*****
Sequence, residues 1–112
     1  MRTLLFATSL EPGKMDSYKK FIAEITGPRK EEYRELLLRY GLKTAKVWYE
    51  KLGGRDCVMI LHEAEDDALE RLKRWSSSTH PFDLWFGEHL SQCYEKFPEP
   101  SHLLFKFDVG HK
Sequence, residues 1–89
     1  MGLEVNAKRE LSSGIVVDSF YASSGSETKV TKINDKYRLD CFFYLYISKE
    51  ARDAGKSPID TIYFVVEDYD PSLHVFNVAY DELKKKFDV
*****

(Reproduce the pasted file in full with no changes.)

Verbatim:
Sequence, residues 1–112
     1  MRTLLFATSL EPGKMDSYKK FIAEITGPRK EEYRELLLRY GLKTAKVWYE
    51  KLGGRDCVMI LHEAEDDALE RLKRWSSSTH PFDLWFGEHL SQCYEKFPEP
   101  SHLLFKFDVG HK
Sequence, residues 1–89
     1  MGLEVNAKRE LSSGIVVDSF YASSGSETKV TKINDKYRLD CFFYLYISKE
    51  ARDAGKSPID TIYFVVEDYD PSLHVFNVAY DELKKKFDV